The Florida Highway Safety and Motor Vehicles (FLHSMV) reported over 400,000 car accidents in 2018. If you were hit by a driver who had no car insurance, you may be rightfully worried about what happens next and how you will collect compensation for your injuries and property damage. A car accident can leave you with oppressive medical bills and rob you of earnings at work, not to mention the physical and emotional pain it can cause. Learning that the other driver did not have a valid insurance policy can compound the stress—but you could still have legal options.
A car accident lawyer can help South Florida accident victims collect compensation for their injuries, even if the at-fault party doesn’t have car insurance. A lawyer can help you pursue a number of options when it comes to collecting compensation after a car crash with an uninsured driver. Many firms offer free case evaluations, and you may not need to pay legal fees unless and until you recover money.
How to Recover Compensation From an Uninsured Driver
If you were hit by an at-fault party who doesn’t have car insurance, you are probably worried about how you will recover compensation to pay for your injuries and property damage. Do not worry—you could have several options. A car accident lawyer can help you determine which of these options are the best to pursue. They include:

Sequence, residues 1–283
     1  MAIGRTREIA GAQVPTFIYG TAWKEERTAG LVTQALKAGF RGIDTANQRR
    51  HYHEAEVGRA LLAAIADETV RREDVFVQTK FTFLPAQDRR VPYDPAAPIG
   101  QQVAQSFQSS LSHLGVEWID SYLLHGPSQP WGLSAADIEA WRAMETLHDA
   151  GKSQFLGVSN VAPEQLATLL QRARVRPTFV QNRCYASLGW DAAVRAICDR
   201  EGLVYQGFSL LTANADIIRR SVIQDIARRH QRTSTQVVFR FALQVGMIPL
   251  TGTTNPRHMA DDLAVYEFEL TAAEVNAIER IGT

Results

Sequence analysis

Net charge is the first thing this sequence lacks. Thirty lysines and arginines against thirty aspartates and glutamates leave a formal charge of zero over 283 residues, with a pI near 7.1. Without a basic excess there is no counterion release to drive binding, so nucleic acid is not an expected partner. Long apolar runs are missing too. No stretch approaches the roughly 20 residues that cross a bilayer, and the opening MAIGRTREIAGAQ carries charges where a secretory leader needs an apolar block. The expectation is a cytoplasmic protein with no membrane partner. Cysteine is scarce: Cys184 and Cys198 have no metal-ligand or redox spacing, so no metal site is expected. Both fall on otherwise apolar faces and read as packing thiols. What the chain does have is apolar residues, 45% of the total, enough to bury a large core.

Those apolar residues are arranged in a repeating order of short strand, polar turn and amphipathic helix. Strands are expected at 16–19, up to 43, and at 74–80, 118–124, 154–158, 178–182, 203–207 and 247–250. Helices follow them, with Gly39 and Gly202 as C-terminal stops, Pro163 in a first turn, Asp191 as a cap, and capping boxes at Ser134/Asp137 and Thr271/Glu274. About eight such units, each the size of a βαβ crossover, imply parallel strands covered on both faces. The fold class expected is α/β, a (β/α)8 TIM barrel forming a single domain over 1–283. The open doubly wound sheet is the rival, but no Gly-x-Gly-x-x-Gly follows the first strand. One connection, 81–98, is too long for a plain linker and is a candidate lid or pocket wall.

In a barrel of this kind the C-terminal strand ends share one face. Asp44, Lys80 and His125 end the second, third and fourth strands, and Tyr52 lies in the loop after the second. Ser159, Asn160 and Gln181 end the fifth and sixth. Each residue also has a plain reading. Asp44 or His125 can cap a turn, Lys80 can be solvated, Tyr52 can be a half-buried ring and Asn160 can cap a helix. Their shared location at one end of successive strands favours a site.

Filing a PIP Claim
Florida law requires every driver to carry personal injury protection (PIP) insurance, with a minimum coverage of at least $10,000 (Florida Statutes § 627.736). When you are injured in a car accident, you must first file a claim with your PIP policy, regardless of who was at fault or whether the other driver had insurance.
If your injuries are minor and your total economic damages come to less than $10,000, you may be able to recover full compensation from your PIP policy and not be affected by the other driver’s lack of insurance. PIP insurance covers 80% of your eligible medical expenses (up to $10,000) and 60% of your accident-related lost wages. A personal injury lawyer can help you file a claim and seek the compensation you need through your policy.
Collecting Your Policy’s Collision Coverage
Aside from PIP coverage, a typical car insurance policy has three levels of coverage: liability, collision, and comprehensive. Liability pays for damages you cause when you are at fault in an accident. Collision pays for damage to your own vehicle, typically when you are at fault in an accident. And comprehensive covers damages caused by scenarios other than accidents—a tree falling onto your car, for instance.
In some cases, we can file a collision claim to pay for the damages to your vehicle when the other driver was uninsured. Our attorneys will evaluate your situation and let you know if this is an option.
Using Your Uninsured Motorist Coverage
Uninsured motorist coverage is an enhanced level of car insurance that many drivers elect to purchase for an additional monthly premium. It does exactly what it says—pays for damages caused by an uninsured driver. If your policy includes uninsured motorist coverage, we will help you file a claim and collect the full slate of damages you deserve.
Suing the Driver Who Hit You Personally
We can also file a lawsuit against the driver who hit you. Many uninsured South Florida drivers have no money to pay you, even if you win a judgment against them. However, we may be able to get liens put on their personal property so that any future money they receive gets redirected to you.
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What Results Could I Get From a Lawsuit?